S S S S S S S S S S S S S S S S o ¤¤ ¤¤ ¤¤ ¤¤ ¤¤ ¤¤ ¤¤ ¤¤º ½½ ½½ ½½ ½½ ½½ ½½ ½½ ½½ ½½ ½½


αr2r3r4K41 αr1r3r4K42 α


Figure 1: An example of A-GDH.2 with 4 members


SA-GDH.2 protocol

As mentioned above, A-GDH.2 is not strong enough in a certain situation since authen-ticating function is centralized to the last member (group controller). In order to provide stronger authentication service, Ateniese et al also designed SA-GDH.2 in which every member authenticates the other members (see [1] and [2] for the protocol details).

Unlike A-GDH.2, SA-GDH.2 requires each intermediate value3 for Mi, given by Mk,

to be computed by using Kki (0< i6=k ≤n) from the upflow stage as well so that each member can not only equally contribute to authentication but also be explicitly aware of the exact group membership when the protocol is initiated. Another advatage of SA-GDH.2 over A-SA-GDH.2 is that each member performs the same sequence of computational steps and the same number of exponentiations. An example of SA-GDH.2 with four members is given in Figure 2. Obviously, SA-GDH.2 is more expensive in computation of intermediate values than A-GDH.2.

Although SA-GDH.2 has higher cost of exponentiation than A-GDH.2, if the group settings (e.g. group membership, communication order of each member, etc) are deter-mined in advance of the protocol’s beginning (this seems to be a common situation in group communication), the computational costs can be mostly saved by pre-computation.

3In SA-GDH.2 protocol, different number of intermediate values computed byM

i are sent to the next

member Mi+1. For example, Mi+1 in SA-GDH.2 receives from Mi a sequence of intermediate values




{α, αr1K12, αr1K13, αr1K14}-



-r2K21, αr1K12, αr1r2K13K23,





{αr2r3K21K31, αr1r3K12K32,

αr1r2K13K23, αr1r2r3K14K24K34}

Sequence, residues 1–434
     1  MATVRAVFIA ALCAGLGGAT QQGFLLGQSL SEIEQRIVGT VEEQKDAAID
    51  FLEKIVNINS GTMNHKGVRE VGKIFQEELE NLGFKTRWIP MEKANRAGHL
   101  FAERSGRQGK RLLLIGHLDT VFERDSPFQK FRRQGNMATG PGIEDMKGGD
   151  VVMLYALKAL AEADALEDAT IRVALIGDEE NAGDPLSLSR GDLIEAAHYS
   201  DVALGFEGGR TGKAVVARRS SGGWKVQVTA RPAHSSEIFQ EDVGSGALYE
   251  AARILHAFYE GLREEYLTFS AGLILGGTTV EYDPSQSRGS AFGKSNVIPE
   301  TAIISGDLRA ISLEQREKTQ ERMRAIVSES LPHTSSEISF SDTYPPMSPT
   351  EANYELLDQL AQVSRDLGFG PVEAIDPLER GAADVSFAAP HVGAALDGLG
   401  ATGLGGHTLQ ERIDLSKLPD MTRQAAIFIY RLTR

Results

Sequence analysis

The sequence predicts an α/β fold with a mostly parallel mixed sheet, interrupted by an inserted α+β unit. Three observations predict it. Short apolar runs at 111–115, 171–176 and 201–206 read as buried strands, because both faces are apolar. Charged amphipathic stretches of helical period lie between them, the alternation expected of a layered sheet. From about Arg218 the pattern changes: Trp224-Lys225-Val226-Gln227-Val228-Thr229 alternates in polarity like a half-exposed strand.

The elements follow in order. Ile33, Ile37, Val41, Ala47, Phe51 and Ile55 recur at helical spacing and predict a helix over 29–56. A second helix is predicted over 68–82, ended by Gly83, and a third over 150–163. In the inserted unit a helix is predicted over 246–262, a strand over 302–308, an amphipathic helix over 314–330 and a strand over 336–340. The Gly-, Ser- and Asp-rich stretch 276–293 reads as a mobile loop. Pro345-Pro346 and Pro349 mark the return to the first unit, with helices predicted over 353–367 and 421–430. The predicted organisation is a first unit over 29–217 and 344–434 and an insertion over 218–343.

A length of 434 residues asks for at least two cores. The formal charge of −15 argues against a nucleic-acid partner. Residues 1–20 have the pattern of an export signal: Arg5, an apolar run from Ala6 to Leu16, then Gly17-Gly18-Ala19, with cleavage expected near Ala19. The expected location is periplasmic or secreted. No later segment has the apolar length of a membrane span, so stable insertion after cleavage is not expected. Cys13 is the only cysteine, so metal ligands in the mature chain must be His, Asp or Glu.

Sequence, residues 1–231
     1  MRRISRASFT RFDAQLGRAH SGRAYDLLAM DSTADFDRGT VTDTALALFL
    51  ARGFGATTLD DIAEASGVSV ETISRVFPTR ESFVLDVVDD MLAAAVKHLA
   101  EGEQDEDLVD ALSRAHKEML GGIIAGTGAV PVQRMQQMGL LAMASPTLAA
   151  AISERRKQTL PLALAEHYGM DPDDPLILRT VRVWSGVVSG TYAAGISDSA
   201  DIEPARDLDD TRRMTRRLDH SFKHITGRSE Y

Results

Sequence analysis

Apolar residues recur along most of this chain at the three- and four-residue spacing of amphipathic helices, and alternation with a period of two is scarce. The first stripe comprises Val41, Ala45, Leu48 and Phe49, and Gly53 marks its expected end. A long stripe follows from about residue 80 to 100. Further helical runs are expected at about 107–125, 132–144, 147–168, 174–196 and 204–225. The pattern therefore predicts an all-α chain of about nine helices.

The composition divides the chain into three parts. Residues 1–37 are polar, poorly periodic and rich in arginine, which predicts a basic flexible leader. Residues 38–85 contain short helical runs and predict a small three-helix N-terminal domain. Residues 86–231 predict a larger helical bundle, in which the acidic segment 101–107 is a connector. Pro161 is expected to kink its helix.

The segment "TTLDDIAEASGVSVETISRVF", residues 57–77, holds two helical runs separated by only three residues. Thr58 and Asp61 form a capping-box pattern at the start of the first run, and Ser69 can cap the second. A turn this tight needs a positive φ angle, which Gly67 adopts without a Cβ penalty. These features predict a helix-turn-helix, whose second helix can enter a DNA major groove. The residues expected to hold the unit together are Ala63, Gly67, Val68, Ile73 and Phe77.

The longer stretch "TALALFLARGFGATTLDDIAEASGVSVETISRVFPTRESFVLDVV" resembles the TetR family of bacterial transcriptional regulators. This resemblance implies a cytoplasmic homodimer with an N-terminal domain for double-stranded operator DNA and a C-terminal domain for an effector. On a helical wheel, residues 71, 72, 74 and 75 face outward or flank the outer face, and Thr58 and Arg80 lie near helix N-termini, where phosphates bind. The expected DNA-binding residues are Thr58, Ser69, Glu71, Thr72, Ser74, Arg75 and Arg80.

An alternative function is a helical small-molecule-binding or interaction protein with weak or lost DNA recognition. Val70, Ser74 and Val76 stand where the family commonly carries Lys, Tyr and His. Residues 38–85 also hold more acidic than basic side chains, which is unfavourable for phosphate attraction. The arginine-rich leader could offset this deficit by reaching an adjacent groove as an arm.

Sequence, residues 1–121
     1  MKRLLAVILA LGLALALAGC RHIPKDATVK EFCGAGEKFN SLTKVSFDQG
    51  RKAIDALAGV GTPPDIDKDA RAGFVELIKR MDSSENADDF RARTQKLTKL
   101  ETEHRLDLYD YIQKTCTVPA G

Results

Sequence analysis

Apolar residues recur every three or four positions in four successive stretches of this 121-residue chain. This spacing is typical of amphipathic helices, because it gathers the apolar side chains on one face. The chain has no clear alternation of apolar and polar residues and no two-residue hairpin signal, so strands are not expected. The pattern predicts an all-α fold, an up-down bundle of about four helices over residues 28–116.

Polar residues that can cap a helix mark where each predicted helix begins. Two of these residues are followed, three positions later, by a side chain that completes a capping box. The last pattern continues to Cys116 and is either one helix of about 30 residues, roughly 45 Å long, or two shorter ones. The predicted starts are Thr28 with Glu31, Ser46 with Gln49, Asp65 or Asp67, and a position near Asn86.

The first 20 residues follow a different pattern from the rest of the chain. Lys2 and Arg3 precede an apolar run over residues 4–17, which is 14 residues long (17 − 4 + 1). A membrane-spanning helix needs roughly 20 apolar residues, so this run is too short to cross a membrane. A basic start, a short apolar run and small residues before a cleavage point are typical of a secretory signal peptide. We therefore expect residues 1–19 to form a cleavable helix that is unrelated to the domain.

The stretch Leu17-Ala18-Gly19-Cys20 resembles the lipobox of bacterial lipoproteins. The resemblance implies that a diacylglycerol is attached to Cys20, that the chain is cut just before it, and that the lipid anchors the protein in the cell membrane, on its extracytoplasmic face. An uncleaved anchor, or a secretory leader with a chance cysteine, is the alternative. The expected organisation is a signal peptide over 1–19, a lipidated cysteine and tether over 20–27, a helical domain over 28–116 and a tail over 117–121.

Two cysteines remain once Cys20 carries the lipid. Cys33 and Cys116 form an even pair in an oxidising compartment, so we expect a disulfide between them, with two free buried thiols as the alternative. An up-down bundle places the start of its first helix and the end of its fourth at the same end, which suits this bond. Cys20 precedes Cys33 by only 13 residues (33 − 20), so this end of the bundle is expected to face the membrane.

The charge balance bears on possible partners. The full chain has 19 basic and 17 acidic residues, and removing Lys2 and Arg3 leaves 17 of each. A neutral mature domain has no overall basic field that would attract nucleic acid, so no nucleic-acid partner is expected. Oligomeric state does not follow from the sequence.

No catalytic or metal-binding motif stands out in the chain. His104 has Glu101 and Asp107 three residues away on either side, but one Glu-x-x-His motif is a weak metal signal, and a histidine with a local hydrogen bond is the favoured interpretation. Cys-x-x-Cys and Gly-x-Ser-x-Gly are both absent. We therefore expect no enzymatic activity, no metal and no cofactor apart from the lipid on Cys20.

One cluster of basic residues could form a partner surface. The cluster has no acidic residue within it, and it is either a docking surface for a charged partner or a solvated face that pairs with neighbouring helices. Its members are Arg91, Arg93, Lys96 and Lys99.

S S S S S S S S S S S S S S S S o ¤¤ ¤¤ ¤¤ ¤¤ ¤¤ ¤¤ ¤¤ ¤¤º ½½ ½½ ½½ ½½ ½½ ½½ ½½ ½½ ½½ ½½





Figure 2: An example of SA-GDH.2 with 4 members

LetIij be the intermediate value for Mj computed byMi, then Mi computes Iij as (1).

Iij =


I(i−1)jEij if i6=j

I(i−1)j if i=j (1)

Eij =ri·Kij (mod q) (2)

As you can see in (2), the exponential value Eij can be pre-computed at the preliminary stage of key agreement protocol. Therefore, we can minimize the additional computation on SA-GDH.2 in a practical way.


Attacks on authenticated GDH protocols

Pereira et al. provide security analyses on authenticated GDH protocols. First, they tried to find security holes of A-GDH.2 in conjuction with the major secure properties in [5]: Implicit Key Authentication, Perfect Forward Secrecy, and Resistance to known-keys attacks. However, their attacks have some impractical conditions on the intruder’s ability which includes the followings:

An intruder can eavesdrop the intended message sent by any participant in the current group session.

An intruder can immediately forge the intended message sent by any participant without being detected.


vulnerability of A-GDH.2. The similar technique and condition can be applied to attack SA-GDH.2 (See the details in [6]). The effect from the attack on SA-GDH.2 is more limited than on A-GDH.2. However, SA-GDH.2 still has flaws on its security as a group communication protocol. Finally, Pereira et al. proposed the proof on the generic inse-curity of authenticated GDH protocols in 2004 [7]. They proved that it is impossible to design a scalable authenticated group key agreement protocol based on the same building blocks as the authenticated GDH ones under the conditions on the intruders described above.

One of the solutions given by Pereiraet al. in the conclusion of [7] is the use of message authentication codes (MAC) which prevents the intruders from forging messages. They thought this separates the key generation part of the protocol from the authentication mechanisms. However, I think that we should not necessarily separate those two parts and that we can design an authenticated GDH protocol with implicit key authentication using MAC, which has slightly heavier computation than the original design of A-GDH and SA-GDH.


Fixes for A-GDH.2 and SA-GDH.2 using a MAC

Against the active adversary who can forge messages in the network, MAC has been proved to be a reliable technique and widely used in the real world. For example, Secure Socket Layer (SSL) protocol, a standard of a secure protocol supported by many web browsers, uses message authentication codes (MAC) in order to authenticate both the source of a message and its integrity wihout the use of any additional mechanisms.

Among many MAC protocols being used in communication applications, the Keyed-Hash Message Authentication Code (HMAC) is a cryptographic standard adopted by National Institute of Standards and Technology (NIST) and proven to be secure as long as the underlying hash function4 has some reasonable cryptographic strengths.